The Volokh Conspiracy

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Why Did Texas Enact S.B. 8?

Carter Snead: "Texas responded to this futile cycle by adopting a strategy developed by progressives to root out fraud against the government": citizen suits.


After I completed my Newsweek column on S.B. 8, I started work on a follow-up piece to lead into Dobbs. In short, the fact that Texas enacted a law like S.B. 8 is proof that Casey's stare decisis analysis failed on its own terms: Roe in no way settled the never-ending debate about abortion. Roe did not, as the Casey plurality boasted, "call[] the contending sides of a national controversy to end their national division by accepting a common mandate rooted in the Constitution." Far from it.

Rather, Roe and its progeny have led states to resort to an never-ending array of abortion restrictions that have invariably been enjoined by district court judges with vast discretion, leading to even more circuitous restrictions that were also enjoined. S.B. 8 is a manifestation of what Justice Scalia described as "an issue that has inflamed our national politics in general, and has obscured with its smoke the selection of Justices to this Court in particular." In my view, S.B. 8 was born of Pax Roeana, as Justice Scalia memorably put it. Much of the essay explained why Texas felt the need to enact such a clever, but frankly desperate law.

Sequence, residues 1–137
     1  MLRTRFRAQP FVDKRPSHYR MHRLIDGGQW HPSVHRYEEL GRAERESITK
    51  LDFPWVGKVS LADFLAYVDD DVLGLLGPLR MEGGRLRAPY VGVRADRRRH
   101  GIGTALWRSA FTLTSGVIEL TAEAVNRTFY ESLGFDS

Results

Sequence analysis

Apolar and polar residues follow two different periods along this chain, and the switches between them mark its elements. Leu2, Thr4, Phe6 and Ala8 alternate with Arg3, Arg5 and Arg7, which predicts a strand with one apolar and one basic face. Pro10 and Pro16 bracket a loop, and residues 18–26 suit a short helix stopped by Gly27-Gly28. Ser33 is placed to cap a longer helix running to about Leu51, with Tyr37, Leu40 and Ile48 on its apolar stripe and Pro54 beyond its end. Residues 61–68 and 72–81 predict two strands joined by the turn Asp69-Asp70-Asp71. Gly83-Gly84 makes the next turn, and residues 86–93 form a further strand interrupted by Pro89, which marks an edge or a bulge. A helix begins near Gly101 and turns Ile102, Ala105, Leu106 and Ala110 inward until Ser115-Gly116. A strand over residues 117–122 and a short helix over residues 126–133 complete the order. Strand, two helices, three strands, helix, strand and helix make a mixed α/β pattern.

In the Washington Post, Carter Snead opines on this issue, and explains why Texas enacted S.B.8. He describes the familiar cycle in which conservative legislatures are stymied at every turn by pre-enforcement challenges.

Abortion rights advocates challenge every state regulation of abortion and routinely obtain injunctions against such laws by federal trial judges whose discretion is essentially unfettered by the vacuity of the law. Even laws nearly identical to those previously affirmed as constitutional have been recently nullified. Texas responded to this futile cycle by adopting a strategy developed by progressives to root out fraud against the government and to protect the environment — namely, through "citizen suits."

But Texas sought to break that "futile cycle":

The Texas strategy was ingenious in that it evaded the usual pre-enforcement injunction by a federal court, which only has the constitutional power to act when the parties before them are involved in a real dispute. Because neither the state officials nor the private citizen sued in the case were involved in the enforcement of the law, the Supreme Court lacked the power to intervene. . . .

Texas was fed up with the interminable cycle of crafting laws to protect the unborn, followed inexorably by injunctions and years of litigation before judges seeking to apply indeterminate standards stemming from a constitutionally unwarranted power grab by the Supreme Court. . . .

Snead concludes that the only "road back to normalcy" is for the Supreme Court to reverse that "constitutionally unwarranted power grab." The Wall Street Journal suggests that S.B. 8 would make the Court less likely to overrule Roe in Dobbs. I think Snead has the better argument, especially in light of the Chief's Citizens United concurrence.